– With Aaron Gekoski, Wildlife Photographer of the Year 2019 –
by Sara Azeem, Editor-in-Chief
Pen and camera are weapons against oblivion, they can create awareness for that which may soon be lost forever.
It was towards the end of the interview that Aaron quoted these words of the legendary conservationist George Schaller, but the essence of these words had been lingering in the background throughout our conversation. As an award-winning photojournalist, Aaron Gekoski’s greatest weapons are his pen and camera, and over the course of his career, he has wielded them in truly remarkable ways. Madagascar’s ‘tortoise mafia’. West Africa’s voodoo trade. Mozambique’s shark finning crisis. Namibia’s annual seal cull. He photographs, documents, exposes, and spreads awareness. Given his background, I was very excited to have the opportunity to pick his brains on the ethical dilemmas within wildlife conversation. A difficult topic, with no black or white answers. An exploration of the shades of grey.
I started with a theoretical approach and asked him where he stood on the spectrum of approaches to wildlife management. On one end, we have wise/sustainable use, which has humankind’s best interests at the forefront by aiming to maintain nature’s yield as a valuable resource for man. On the other hand, the preservationist approach lobbies for minimal interaction between humans and wild places, except for recreation. Aaron vouched for a pragmatic approach; living on a planet with almost 8 billion people makes the purist form quite unrealistic. He emphasised the value of understanding the social context when dealing with complex issues like conservation. An example was his project in Mozambique; not only was it his first proper photographic experience, but it also brought to light the social nuances of conservation. A remote fishing community actively targeting sharks for their fins, it’s easy to point fingers and blame these fishermen for the declining shark populations. But this hides the influential Asian demand that drives these fishermen to such unsustainable levels of fishing. To the fishermen themselves, this is a means of living to sustain their families. How Aaron’s team approached the issue was not by preaching to them the morality behind endangering sharks, but to speak to them in a language they understood. They shared data on the toxicity of shark meat and how it was poisoning their wives and children, and suddenly, the fishermen did not want to fish sharks anymore. “Make it meaningful to the person you’re talking to”, Aaron said. “Or else it becomes too abstract”.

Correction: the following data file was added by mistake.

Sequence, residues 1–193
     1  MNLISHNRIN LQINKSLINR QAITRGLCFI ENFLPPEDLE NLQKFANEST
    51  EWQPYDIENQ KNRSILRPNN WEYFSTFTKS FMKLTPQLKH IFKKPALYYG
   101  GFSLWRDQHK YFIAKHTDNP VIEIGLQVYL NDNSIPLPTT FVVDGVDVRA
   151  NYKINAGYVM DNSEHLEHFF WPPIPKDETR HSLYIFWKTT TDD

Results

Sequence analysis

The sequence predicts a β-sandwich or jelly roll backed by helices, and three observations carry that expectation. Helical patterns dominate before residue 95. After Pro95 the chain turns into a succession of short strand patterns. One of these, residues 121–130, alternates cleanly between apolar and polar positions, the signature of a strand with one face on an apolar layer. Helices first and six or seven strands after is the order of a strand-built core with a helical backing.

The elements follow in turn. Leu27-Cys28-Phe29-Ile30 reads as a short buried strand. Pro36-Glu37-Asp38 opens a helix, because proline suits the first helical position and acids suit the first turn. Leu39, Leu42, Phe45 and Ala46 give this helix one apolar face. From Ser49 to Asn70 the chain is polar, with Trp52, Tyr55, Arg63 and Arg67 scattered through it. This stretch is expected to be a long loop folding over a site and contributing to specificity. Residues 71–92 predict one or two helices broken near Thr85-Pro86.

The shades of grey brought about by social context also coloured our discussion about animals in medicine. Zootherapy has deep historical origins, to untangle these cultural ties from practice is easier said than done. West Africa’s voodoo market sells an unbelievable range of animal products, ranging from the heads of dogs and baboons to reptiles and elephant skin, all believed to have their own properties, either for medicine or for healing and luck. Endangered species, substances that were cruelly extracted from animals, they were all there. But who has the authority to tell people what to believe and not believe in? Cambodia’s dog meat trade is a horror story that is enough to make anyone’s blood run cold – rounded up from the streets and sent to slaughterhouses, these dogs are killed in the most barbaric ways imaginable. But the industry exists partly because dog meat is prescribed by medical professionals to help with circulation, and because it is a cheap source of meat. Understanding these factors is imperative to allow us to identify the most impactful ways to tackle the issue. Education and awareness are popular and powerful tools. A purely moral standpoint rarely resonates, a better approach would be to educate the population about the dangers of contracting rabies. But just as we condemn these individuals for such inhumane practices, we turn a blind eye towards the animals that undergo suffering during testing in modern medical practices. When I questioned Aaron about animal testing, he dismally stated that it is a by-product of the industry, and might be necessary, but that every step needs to be taken to minimise the pain and suffering while continuously exploring better options. But animal testing in the cosmetics industry was completely unnecessary, according to him. This was an especially difficult part of the discussion for me; fundamentally, we were still viewing these living creatures in terms of their utility to us. I couldn’t imagine dealing with these conflictions every day, which Aaron has to do. He agreed with me, stating that there was rarely a good vs evil, or right vs wrong, when it came to such topics.